Blu-ray/DVD, Reviews

“Heat” a Crime Drama Classic

 

Back in circulation on Blu-ray, the crime film Heat makes a move to upgrade the film that offers an acting tour de force in a classic crime movie. It’s been 22 years since it hit the big screen amassing over $187 million worldwide at the box office when it came out in 1995. But what makes this movie a stand out is its amazing cast that not only carries this film, but upped their own careers as well.

Set in Los Angeles we find recently paroled ex-con Neil McCauley (Robert De Niro) heading up an armored car robbery that should have been a simple walk in the park. After an ill-fated shooting involving a newly hired convict Waingro (Kevin Cage) turns the robbery deadly, McCauley and three other gang members Michael Cheritto (Tom Sizemore), Trijo (Danny Trijo) and Chris Sheherlis (Val Kilmer) head for a meeting.

Lieutenant Vincent Hanna (Al Pacino) and Neil McCauley (Robert De Niro) meet in a coffee house in HEAT

Lieutenant Vincent Hanna (Al Pacino) gets the call by the LA Police to handle the robbery and murder of the armored car guards. He’s an intense detective and wants to get to the bottom of the case right away. With little leads to go on, he still presses on putting himself in harm’s way as he takes chances getting information from known criminals.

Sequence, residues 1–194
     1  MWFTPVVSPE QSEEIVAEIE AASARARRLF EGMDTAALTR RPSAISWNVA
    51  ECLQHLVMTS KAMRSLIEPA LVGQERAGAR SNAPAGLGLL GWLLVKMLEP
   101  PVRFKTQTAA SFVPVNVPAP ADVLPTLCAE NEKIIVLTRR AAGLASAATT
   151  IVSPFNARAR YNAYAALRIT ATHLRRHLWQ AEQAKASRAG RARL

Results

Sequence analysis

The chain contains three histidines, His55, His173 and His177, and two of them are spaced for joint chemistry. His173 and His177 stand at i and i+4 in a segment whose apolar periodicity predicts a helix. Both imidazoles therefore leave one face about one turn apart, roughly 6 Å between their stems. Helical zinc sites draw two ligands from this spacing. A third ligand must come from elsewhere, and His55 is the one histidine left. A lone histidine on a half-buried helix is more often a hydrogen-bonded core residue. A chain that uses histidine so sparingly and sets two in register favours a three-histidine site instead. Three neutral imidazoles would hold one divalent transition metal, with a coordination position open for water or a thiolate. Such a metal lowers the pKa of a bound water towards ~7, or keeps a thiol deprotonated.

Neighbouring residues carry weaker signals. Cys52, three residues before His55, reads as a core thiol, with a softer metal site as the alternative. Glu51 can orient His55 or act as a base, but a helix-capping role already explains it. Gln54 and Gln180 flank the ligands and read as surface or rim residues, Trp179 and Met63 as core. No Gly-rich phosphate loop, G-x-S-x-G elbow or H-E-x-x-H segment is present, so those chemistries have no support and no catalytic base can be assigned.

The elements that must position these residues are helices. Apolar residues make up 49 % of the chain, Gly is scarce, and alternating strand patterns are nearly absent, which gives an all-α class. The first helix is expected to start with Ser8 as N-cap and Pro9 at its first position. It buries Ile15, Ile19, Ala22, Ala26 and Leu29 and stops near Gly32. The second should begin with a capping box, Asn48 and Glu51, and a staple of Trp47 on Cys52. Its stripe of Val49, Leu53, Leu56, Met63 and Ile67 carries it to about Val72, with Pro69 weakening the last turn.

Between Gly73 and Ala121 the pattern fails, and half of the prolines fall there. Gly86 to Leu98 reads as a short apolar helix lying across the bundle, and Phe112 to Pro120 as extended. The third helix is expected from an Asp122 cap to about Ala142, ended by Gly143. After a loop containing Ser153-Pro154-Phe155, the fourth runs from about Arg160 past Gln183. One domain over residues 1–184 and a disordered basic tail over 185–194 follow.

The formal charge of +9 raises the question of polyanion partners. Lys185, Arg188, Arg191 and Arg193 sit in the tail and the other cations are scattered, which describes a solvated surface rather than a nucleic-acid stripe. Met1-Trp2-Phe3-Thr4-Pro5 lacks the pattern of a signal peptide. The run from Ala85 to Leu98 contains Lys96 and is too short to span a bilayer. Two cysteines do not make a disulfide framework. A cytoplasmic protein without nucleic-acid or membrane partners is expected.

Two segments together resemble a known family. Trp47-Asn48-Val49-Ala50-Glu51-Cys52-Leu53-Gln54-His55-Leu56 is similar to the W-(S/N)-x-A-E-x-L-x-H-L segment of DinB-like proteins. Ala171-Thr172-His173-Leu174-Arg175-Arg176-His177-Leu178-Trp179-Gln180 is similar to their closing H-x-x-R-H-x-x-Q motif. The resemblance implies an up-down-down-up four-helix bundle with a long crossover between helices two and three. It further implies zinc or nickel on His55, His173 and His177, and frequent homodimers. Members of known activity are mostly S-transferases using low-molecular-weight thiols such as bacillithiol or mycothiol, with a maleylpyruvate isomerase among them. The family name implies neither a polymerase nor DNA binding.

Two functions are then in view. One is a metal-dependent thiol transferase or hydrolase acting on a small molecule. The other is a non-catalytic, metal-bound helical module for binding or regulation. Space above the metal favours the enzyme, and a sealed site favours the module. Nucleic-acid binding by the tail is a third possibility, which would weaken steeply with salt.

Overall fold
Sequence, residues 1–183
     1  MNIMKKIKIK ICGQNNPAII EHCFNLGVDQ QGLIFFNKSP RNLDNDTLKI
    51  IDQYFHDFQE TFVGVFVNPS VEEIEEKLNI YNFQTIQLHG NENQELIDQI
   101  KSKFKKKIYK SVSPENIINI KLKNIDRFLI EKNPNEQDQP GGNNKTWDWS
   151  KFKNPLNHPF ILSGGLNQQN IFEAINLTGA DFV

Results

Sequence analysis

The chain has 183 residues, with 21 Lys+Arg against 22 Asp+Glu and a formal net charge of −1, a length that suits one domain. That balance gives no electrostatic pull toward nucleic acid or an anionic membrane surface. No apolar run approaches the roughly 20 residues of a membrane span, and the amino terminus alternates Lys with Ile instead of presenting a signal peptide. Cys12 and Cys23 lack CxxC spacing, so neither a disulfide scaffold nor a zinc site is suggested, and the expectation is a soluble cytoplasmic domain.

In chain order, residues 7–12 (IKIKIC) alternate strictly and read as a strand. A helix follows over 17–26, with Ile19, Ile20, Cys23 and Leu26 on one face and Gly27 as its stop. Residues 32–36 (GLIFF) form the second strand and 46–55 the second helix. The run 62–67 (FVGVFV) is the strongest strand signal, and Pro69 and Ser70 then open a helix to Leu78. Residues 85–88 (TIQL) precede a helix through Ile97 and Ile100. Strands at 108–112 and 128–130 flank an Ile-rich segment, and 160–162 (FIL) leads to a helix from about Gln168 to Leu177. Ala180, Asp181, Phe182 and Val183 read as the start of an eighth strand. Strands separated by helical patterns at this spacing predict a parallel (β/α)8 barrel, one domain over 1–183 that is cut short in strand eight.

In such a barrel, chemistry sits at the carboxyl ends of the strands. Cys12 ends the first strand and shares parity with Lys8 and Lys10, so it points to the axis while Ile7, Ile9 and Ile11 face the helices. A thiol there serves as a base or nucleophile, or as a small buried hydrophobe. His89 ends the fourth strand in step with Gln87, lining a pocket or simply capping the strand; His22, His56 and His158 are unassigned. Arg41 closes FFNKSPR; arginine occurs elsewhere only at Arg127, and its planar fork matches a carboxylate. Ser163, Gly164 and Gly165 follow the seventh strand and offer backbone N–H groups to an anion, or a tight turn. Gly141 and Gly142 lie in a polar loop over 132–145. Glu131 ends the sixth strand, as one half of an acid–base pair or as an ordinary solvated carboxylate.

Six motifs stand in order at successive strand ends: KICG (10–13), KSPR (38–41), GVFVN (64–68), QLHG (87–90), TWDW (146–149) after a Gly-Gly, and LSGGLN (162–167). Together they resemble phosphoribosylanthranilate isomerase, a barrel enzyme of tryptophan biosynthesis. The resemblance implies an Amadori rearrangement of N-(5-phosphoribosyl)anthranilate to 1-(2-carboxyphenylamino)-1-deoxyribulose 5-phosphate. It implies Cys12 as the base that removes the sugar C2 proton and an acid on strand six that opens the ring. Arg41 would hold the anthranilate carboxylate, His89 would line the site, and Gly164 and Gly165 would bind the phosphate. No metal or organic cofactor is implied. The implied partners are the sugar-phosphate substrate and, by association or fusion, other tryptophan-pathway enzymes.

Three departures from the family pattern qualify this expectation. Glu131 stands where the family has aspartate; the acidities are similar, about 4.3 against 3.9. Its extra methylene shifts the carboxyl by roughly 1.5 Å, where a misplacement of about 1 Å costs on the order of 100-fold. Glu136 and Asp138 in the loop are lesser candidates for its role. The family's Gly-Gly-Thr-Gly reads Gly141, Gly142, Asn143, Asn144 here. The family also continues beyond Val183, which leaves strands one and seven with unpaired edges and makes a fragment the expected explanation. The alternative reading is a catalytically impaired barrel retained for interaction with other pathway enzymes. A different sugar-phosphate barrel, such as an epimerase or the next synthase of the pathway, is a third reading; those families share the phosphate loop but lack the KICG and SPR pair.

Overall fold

So begins a cat and mouse suspense thriller that takes many twists and turns. Director and writer Michael Mann (Miami Vice) takes his film into the streets and inside seedy sets and situations. He lets his main actors De Niro and Pacino show their character’s determination; one who wants to walk away with the loot and the other who wants to stop him at all costs.

Neil McCauley (Robert De Niro) and Chris Sheherlis (Val Kilmer) in a street battle with police in HEAT

The film is loaded with actors who have made their way up the latter of success having good careers. In addition to Al Pacino and Robert De Niro who control all the action, actors like Val Kilmer nails his role of as Chris. Chris is a novice upcoming felon who takes orders from McCauley knowing full well that he may never survive being in the rag tag gang. Kilmer went on to take on roles like Bruce Wayne in Batman Forever, The Ghost in the Darkness and 92 other credits for his career.

Another notable, Oscar winner Jon Voigt, plays LA kingpin Nate who doles out jobs to McCauley. Voigt gets a boost from the 1995 film leading him to Phelps in Mission: Impossible, then the movie Enemy of the State and on to 92 other credits. Ashley Judd plays Charlene the wife of Chris who finds herself in the middle of a duel between two mortal enemies. After Heat she accepted a role in A Time to Kill and followed that with 40 others that include the hits Kiss the Girls and De-Lovely that earned her a Golden Globe nomination.

Chris Sheherlis (Val Kilmer) kiss his wife Charlene (Ashley Judd) on the cheek in HEAT

There are many more from Heat who earned career boosts including Wess Studi (91 credits including Avatar), Danny Trejo (over 300 credits including Bad Ass, Machete, From Dusk Till Dawn and Con Air), Jeremy Piven (with over 90 credits in his career including “Entourage” TV series and Old School) and a young Dennis Haysbert (has over 100 credits that include TV’s “24”, Major League and Waiting to Exhale).